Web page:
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Mary Alice Haddad

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Articles 1 - 15 of 15

Full-Text Articles in Political Science

Environmental Advocacy: Insights From East Asia, Mary Alice Haddad Jul 2017

Environmental Advocacy: Insights From East Asia, Mary Alice Haddad

Mary Alice Haddad


Environmental advocacy in East Asia takes place in a context where there are few well-funded professional advocacy organisations, no viable green parties, and governments that are highly pro-business. In this advocacy-hostile environment, what strategies are environmental organizations using to promote better environmental outcomes?  Using an original database of environmental organizations and interviews with activists and officials throughout the region, this paper investigates which strategies are most common and compares them to the advocacy strategies found in the United States.  It finds, perhaps surprisingly, that (a) environmental organizations across East Asia employ similar advocacy strategies even though they are operating in ...


Violent Repression Of Environmental Protests, Helen M. Poulos, Mary Alice Haddad Dec 2015

Violent Repression Of Environmental Protests, Helen M. Poulos, Mary Alice Haddad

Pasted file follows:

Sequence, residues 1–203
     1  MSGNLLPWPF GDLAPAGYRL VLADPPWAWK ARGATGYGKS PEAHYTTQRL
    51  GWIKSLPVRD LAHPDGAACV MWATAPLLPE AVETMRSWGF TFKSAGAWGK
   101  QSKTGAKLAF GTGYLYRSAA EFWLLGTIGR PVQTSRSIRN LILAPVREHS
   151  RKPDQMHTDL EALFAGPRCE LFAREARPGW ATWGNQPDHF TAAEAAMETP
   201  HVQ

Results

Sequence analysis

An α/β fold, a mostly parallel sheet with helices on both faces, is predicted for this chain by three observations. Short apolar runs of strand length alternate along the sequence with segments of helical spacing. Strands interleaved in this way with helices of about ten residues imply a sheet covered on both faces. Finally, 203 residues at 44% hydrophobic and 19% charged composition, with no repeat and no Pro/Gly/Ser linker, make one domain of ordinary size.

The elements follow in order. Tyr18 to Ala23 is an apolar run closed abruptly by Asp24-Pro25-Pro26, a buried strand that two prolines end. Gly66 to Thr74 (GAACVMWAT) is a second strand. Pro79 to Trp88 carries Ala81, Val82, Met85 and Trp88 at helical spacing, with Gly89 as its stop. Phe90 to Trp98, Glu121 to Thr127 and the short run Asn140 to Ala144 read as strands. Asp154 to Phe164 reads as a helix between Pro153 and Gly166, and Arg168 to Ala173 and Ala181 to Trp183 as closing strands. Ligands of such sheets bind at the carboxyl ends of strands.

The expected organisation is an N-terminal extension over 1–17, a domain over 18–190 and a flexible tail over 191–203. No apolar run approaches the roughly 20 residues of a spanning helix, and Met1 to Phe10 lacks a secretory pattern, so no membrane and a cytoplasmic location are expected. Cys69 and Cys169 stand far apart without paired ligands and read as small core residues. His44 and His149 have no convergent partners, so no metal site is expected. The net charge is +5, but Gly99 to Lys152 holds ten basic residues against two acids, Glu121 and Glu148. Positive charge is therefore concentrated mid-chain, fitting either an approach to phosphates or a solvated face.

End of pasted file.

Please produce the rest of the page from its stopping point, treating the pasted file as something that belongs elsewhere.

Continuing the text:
Mary Alice Haddad

As global sea levels and natural resource demands rise, people around the world are increasingly protesting environmental threats to their lives and livelihoods. What are the conditions under which these peaceful environmental protests are violently repressed? This paper uses the random forest algorithm to conduct an event analysis of grass- roots environmental protests around the world. Utilizing a database of 175 grassroots environmental protests, we found that: (1) a large proportion (37 %) of the protests involved violent repression; (2) most of the violence (56 %) was directed against marginalized groups; and (3) violence was geographically concentrated the global south in Latin ...


Multi-Interest Decision-Makers: The Multiple And Diverse Interests Of Policy Advisory Committee Members, Mary Alice Haddad Feb 2015

Multi-Interest Decision-Makers: The Multiple And Diverse Interests Of Policy Advisory Committee Members, Mary Alice Haddad

Mary Alice Haddad

This short working paper examines six influential environmental policy advisory committees from around the world to test whether members are either: 1) “stakeholders” taking part in a “multi-stakeholder” process through which each actor represents a clear set of hierarchical interests or 2) “multi-interest decision-makers” who are likely to be representing multiple interests simultaneously.  The findings suggest that individual policy-makers are more likely to hold multiple rather than single interests in mind when crafting policy.  Indeed, it is likely that the diversity of interests and perspectives held by a single person may more important than their institutional role in deciding who ...


Increasing Environmental Performance In A Context Of Low Governmental Enforcement: Evidence From China, Mary Alice Haddad Jan 2015

Increasing Environmental Performance In A Context Of Low Governmental Enforcement: Evidence From China, Mary Alice Haddad

Mary Alice Haddad